Research Article

The emergence of SARS-CoV-2 in Europe and North America

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Science  30 Oct 2020:
Vol. 370, Issue 6516, pp. 564-570
DOI: 10.1126/science.abc8169

A series of unfortunate events

The history of how severe acute respiratory syndrome coronavirus 2 (SARS-CoV-2) spread around the planet has been far from clear. Several narratives have been propagated by social media and, in some cases, national policies were forged in response. Now that many thousands of virus sequences are available, two studies analyzed some of the key early events in the spread of SARS-CoV-2. Bedford et al. found that the virus arrived in Washington state in late January or early February. The viral genome from the first case detected had mutations similar to those found in Chinese samples and rapidly spread and dominated subsequent undetected community transmission. The other viruses detected had origins in Europe. Worobey et al. found that early introductions into Germany and the west coast of the United States were extinguished by vigorous public health efforts, but these successes were largely unrecognized. Unfortunately, several major travel events occurred in February, including repatriations from China, with lax public health follow-up. Serial, independent introductions triggered the major outbreaks in the United States and Europe that still hold us in the grip of control measures.

Science, this issue p. 571, p. 564


Accurate understanding of the global spread of emerging viruses is critical for public health responses and for anticipating and preventing future outbreaks. Here we elucidate when, where, and how the earliest sustained severe acute respiratory syndrome coronavirus 2 (SARS-CoV-2) transmission networks became established in Europe and North America. Our results suggest that rapid early interventions successfully prevented early introductions of the virus from taking hold in Germany and the United States. Other, later introductions of the virus from China to both Italy and Washington state, United States, founded the earliest sustained European and North America transmission networks. Our analyses demonstrate the effectiveness of public health measures in preventing onward transmission and show that intensive testing and contact tracing could have prevented SARS-CoV-2 outbreaks from becoming established in these regions.

In late 2019, the emergence of severe acute respiratory syndrome coronavirus 2 (SARS-CoV-2), which causes coronavirus disease 2019 (COVID-19), ignited a pandemic that has been associated with more than 500,000 deaths globally as of July 2020. As the original outbreak in Hubei province, China, spilled into other countries, containment strategies focused on travel restrictions, isolation, and contact tracing. Given the virus’s exponential growth rate, delaying the onset of community transmission by even a few weeks likely bought government officials valuable time to establish diagnostic testing capacity and implement social distancing plans.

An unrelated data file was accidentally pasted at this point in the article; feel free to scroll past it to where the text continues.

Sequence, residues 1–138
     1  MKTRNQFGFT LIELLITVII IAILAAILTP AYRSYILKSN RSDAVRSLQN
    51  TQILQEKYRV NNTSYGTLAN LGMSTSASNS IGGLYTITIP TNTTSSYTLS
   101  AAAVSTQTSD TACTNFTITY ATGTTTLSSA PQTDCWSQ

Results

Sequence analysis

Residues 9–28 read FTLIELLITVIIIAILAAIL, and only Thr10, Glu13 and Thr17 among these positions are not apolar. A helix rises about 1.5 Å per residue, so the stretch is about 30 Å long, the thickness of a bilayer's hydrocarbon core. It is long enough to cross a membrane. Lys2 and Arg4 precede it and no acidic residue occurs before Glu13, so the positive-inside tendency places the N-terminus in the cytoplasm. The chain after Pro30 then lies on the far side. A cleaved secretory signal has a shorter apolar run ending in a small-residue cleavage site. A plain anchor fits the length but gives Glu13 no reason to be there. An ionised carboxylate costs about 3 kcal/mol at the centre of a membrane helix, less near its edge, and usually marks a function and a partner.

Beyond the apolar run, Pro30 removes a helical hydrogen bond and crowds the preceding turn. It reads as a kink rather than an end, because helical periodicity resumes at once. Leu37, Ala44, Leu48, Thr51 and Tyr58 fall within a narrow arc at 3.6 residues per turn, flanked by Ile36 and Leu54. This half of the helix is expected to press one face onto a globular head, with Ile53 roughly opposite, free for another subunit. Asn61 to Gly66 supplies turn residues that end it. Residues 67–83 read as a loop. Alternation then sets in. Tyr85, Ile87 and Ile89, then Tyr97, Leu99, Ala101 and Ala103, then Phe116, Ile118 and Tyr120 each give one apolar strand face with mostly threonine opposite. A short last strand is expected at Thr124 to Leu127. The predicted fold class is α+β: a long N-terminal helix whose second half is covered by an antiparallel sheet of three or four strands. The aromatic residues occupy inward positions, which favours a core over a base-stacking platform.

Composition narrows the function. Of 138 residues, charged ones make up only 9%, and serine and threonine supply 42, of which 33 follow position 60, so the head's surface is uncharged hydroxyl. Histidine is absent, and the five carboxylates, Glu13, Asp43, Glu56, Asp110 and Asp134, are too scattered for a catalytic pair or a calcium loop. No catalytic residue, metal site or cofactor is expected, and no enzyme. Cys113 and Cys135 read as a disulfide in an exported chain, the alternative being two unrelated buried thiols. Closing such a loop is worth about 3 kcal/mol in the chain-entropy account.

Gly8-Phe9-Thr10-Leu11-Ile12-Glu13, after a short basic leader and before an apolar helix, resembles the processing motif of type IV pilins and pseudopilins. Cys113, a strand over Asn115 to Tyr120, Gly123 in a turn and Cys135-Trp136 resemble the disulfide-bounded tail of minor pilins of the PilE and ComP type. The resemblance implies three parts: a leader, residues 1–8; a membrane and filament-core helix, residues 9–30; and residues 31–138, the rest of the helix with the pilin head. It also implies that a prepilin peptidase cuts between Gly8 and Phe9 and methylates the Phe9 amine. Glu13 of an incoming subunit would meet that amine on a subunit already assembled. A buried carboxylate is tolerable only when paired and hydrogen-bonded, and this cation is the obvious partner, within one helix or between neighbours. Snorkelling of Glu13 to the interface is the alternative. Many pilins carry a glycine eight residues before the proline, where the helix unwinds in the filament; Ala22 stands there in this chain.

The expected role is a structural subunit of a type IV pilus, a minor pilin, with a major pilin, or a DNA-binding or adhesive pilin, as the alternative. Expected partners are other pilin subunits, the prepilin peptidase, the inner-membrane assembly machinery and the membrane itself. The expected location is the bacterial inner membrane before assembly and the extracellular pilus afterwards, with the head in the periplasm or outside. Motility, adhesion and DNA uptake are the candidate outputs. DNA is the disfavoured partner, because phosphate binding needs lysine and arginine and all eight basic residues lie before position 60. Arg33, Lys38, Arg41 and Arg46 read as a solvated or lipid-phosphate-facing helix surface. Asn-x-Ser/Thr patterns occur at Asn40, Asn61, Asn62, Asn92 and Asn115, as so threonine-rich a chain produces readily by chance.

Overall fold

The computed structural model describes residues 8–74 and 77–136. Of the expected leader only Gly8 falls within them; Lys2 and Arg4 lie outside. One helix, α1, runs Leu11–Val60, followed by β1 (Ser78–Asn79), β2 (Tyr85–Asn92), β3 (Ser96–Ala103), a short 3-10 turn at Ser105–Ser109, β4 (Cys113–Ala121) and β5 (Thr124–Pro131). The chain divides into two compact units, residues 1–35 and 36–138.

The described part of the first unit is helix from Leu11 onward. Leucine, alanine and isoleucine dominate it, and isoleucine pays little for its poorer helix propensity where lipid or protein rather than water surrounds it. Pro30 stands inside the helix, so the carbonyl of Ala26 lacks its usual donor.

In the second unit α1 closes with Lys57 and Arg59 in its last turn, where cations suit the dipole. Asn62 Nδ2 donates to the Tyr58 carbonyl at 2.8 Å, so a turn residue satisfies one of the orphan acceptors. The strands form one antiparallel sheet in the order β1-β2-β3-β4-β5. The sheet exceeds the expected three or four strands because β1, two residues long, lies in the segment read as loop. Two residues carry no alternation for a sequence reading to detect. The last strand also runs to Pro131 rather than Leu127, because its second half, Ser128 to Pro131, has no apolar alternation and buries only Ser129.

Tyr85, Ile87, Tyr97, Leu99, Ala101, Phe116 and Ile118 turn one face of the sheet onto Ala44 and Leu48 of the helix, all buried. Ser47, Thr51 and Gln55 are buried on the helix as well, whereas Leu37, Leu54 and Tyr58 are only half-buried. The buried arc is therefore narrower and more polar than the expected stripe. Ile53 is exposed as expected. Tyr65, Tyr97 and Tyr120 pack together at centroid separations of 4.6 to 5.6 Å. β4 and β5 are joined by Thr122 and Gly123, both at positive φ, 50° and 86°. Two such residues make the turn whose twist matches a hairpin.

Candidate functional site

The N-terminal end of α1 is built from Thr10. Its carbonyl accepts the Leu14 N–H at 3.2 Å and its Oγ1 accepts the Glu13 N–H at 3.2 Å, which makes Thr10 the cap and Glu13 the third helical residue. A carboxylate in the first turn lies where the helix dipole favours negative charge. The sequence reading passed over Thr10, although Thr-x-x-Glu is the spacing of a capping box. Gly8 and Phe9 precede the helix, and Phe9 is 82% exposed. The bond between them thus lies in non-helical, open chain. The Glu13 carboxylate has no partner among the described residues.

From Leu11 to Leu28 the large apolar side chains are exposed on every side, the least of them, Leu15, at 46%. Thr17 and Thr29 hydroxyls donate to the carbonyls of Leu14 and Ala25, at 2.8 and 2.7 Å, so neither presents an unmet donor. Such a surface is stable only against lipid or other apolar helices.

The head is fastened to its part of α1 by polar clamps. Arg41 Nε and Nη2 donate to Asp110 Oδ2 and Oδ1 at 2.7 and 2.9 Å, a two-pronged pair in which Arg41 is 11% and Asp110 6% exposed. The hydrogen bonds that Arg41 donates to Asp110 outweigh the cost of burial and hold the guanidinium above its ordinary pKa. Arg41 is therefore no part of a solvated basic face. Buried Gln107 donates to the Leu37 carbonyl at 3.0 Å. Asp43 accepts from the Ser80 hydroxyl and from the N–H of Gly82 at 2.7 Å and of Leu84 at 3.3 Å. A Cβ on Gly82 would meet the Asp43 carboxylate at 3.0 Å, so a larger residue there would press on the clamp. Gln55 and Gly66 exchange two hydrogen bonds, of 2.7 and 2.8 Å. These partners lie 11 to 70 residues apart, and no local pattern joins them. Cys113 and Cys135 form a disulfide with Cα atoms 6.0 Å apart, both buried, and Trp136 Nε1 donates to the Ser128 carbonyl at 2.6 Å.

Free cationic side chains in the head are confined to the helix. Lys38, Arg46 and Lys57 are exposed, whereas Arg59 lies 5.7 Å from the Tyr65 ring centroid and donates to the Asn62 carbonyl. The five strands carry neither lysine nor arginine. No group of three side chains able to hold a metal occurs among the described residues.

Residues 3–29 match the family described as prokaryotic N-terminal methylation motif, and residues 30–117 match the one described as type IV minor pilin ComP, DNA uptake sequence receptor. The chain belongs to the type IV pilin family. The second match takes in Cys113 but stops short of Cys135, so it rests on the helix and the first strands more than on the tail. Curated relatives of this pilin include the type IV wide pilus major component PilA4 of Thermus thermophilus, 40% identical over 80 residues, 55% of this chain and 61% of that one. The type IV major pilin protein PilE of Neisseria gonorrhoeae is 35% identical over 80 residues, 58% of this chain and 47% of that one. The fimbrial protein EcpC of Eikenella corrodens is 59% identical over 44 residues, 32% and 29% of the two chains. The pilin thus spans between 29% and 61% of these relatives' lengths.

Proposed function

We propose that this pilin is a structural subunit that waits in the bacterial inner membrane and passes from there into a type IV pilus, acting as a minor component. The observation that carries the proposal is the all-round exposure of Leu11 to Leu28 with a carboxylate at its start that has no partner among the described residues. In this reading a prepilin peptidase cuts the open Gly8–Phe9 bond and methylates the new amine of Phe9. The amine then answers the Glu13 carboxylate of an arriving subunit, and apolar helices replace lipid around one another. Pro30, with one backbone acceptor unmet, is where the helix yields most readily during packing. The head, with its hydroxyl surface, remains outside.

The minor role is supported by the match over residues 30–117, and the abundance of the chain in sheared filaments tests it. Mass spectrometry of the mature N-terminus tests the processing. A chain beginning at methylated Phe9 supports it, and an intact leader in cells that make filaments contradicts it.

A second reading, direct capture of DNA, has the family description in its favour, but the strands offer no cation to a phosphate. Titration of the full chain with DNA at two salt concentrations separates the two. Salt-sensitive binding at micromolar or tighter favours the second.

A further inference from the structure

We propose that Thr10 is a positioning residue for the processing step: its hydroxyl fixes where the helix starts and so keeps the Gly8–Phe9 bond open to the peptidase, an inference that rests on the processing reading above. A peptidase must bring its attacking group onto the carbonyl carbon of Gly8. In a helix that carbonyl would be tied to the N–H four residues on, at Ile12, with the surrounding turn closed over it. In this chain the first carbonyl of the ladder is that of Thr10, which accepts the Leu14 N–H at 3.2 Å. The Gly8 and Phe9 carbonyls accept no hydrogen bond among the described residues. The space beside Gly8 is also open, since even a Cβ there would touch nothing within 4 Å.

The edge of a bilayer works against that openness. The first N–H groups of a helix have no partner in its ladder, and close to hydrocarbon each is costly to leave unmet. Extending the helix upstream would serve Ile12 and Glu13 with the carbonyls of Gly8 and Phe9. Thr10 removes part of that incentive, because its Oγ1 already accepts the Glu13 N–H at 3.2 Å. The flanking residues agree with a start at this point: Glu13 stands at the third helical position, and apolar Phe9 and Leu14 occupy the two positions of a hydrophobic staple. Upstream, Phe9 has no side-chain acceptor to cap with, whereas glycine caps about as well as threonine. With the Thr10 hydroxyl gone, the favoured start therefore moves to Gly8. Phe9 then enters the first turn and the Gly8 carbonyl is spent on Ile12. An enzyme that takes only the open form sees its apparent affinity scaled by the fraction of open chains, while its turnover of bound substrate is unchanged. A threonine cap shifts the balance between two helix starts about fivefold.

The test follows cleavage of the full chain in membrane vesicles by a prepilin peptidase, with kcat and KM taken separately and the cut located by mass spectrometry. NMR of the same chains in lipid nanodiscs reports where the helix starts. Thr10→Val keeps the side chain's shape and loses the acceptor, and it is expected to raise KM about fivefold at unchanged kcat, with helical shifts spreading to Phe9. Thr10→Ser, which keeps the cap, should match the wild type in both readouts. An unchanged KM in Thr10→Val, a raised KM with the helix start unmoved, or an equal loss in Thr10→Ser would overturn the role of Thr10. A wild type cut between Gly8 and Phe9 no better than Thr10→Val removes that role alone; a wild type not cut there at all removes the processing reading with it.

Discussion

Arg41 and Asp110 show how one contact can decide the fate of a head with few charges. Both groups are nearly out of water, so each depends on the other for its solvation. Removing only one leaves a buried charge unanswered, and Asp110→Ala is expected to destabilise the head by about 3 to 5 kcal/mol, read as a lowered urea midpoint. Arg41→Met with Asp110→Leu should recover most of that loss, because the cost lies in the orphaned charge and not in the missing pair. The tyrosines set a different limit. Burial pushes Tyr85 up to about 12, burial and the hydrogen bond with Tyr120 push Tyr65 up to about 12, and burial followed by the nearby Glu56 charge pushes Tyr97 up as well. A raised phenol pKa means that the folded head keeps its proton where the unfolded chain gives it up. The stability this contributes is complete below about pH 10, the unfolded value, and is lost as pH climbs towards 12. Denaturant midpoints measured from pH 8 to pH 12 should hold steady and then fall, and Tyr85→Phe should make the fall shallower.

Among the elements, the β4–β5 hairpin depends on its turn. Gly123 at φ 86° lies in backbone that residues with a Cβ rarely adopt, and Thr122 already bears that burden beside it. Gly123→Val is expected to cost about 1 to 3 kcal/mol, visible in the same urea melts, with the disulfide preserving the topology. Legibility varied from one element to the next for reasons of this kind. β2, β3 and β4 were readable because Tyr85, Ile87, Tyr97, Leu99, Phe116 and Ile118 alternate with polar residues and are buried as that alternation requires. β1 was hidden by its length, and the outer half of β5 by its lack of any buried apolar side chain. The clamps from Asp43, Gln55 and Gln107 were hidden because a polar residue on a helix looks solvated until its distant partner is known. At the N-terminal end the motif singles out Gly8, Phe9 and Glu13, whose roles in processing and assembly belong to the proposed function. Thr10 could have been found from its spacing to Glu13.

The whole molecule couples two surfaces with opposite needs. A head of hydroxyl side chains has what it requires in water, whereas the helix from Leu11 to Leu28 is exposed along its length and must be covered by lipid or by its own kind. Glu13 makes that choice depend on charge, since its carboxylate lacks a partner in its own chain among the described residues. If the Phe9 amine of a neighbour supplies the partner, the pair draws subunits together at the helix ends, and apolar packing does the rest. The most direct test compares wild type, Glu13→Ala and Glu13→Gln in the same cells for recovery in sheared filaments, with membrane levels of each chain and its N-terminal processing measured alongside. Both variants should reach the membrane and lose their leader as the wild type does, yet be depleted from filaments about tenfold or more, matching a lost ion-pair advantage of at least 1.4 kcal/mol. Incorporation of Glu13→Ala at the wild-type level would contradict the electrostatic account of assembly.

Viral genetic sequence data can provide critical information about whether viruses separated by time and space are likely to be epidemiologically linked. Genomic data have suggested differences in the timing, spatial origins, and transmission dynamics of early SARS-CoV-2 outbreaks in multiple North American locations, including Washington state (1, 2); the East Coast of the United States (3, 4); California (5); and British Columbia (BC), Canada (5, 6). The first confirmed U.S. case was associated with a virus strain (“WA1”) isolated in Washington state from a traveler who returned from Wuhan, China, on 15 January 2020 (7). No onward transmission was detected after extensive follow-up in what appeared to be successful containment of the country’s first known incursion of the virus (8). However, subsequent identification of viruses that were genetically similar to WA1—first in Washington, then in Connecticut (3), California (5), BC (6), and elsewhere—raised the possibility that WA1 had actually established chains of cryptic transmission that started on 15 January and went undetected for several weeks (1, 2). If true, this introduction would predate early SARS-CoV-2 community transmission chains documented elsewhere on the continent (35) and would establish the Seattle area as the epicenter of the North American epidemic. Hence, it is necessary to resolve this question to determine where the virus first initiated substantial community outbreaks and whether the earliest coast-to-coast spread of the virus within the United States (3) was from west to east or from east to west.